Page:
- In the specific example of Martoh – we have 5 systems and a 100% swing in either direction (from 50% to 150%). Since the Caldari control 3 of the 5 systems, they should claim 60% of the influence swing. Thus, in this system the Caldari only need to capture 90% of the LP normally needed to send the system into vulnerable.
This example does not touch on the scenario where you have a non-FW lowsec system, or a highsec/nullsec entry point. For FW systems that are next to these systems I would recommend:
- Non-FW Lowsec Systems – These systems permanently contribute to the influence of the adjacent FW systems to the advantage of whatever faction owns the static system.
- Highsec Systems – Same as non-FW lowsec systems. They permanently apply their Influence to the adjacent systems to the advantage of whichever faction owns that highsec system.
- Nullsec Systems – No impact on influence.
Ok, so the system is easy enough to understand (I hope), but what does this actually mean in a strategic situation? Here are some potential repercussions of enacting the Influence system:
- Systems that don’t have stations are now more important. Generally, station-less systems are left to the devices of the farmers as they don’t bear nearly as much significance as systems where you can dock. With the Influence system, the strategic calculus changes. Systems without stations that are a major crossroads now can serve as bastions of defense. (See example on the next page.)
- Headshotting becomes a lot harder. Unless you try to work your enemy’s influence down, it’s very difficult to surge the contestability of a system overnight (or in short order). If you want to take a prize system, now enemies can see you coming. FW is frequently about playing the time zone advantage as much as possible. With Influence, the time zone game can only take things so far. Even if the attacker owns the EU and AU time zones, they cannot quietly slip in while a US corp is off busy with real life and plex their home system into oblivion. The extra 50% LP requirement makes your plan require more thought and preparation.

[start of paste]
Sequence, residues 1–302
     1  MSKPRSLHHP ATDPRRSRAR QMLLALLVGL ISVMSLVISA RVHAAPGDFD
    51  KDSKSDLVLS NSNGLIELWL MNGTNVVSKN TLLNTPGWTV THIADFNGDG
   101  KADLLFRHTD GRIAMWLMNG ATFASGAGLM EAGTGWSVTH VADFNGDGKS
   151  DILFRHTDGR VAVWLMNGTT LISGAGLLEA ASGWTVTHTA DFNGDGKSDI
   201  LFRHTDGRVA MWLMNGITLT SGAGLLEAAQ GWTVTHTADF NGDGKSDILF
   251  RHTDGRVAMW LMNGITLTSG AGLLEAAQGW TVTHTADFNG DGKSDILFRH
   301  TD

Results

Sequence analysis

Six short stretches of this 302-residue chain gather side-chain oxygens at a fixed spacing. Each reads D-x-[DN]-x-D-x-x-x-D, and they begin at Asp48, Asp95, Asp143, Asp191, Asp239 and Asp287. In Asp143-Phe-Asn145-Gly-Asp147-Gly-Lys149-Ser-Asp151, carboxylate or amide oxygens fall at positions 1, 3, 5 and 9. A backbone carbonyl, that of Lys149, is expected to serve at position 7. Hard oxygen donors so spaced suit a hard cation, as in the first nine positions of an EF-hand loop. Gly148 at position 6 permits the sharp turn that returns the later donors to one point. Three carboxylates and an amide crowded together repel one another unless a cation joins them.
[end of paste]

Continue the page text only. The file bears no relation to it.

- You have to march down a road instead of bunny hop around it. The Influence mechanic would not impact how hard it is to capture a string of systems (a pipe), but only if you captured the systems in order starting from your area of control. Since a pipe (or straight line of systems) only ever has two gates, capturing a pipe in order would mean there’s always a “regular” amount of LP required to take the next system. By this I mean if you control your starting point and the enemy controls the line of systems in the pipe, you’re always locked in 50/50 influence as long as the pipe is just a straight line without other offshoots. You control the previous system in the pipe you took; the enemy controls the ones after that. Trying to skip ahead would see a 50% increase in required LP, and therefore time and potentially difficulty.
- The permanent advantage of static lowsec and highsec systems actually makes it more difficult to take systems near the enemy’s “home.” This actually makes a lot of sense from a lore standpoint. If you’re only a few jumps from Jita, wouldn’t it make more sense that a lowsec system is pretty important to the Caldari and pretty heavily influenced by its people? Additionally, it gives factions an added layer of defense if they get pushed back quickly. If one faction is on its heels and reeling, setting up shop in a system that has many friendly highsec entry points discourages living out of highsec and provides additional content because now you truly have a stronghold that is bolstered by system capture mechanics. Because fleets have to also extend their influence out past their strongholds in order to take systems, the system also prevents large groups of people from just sitting in a nearly unconquerable system. To me it makes sense that the closer you get the fringes of your enemy’s highsec, the harder the systems should be to crack.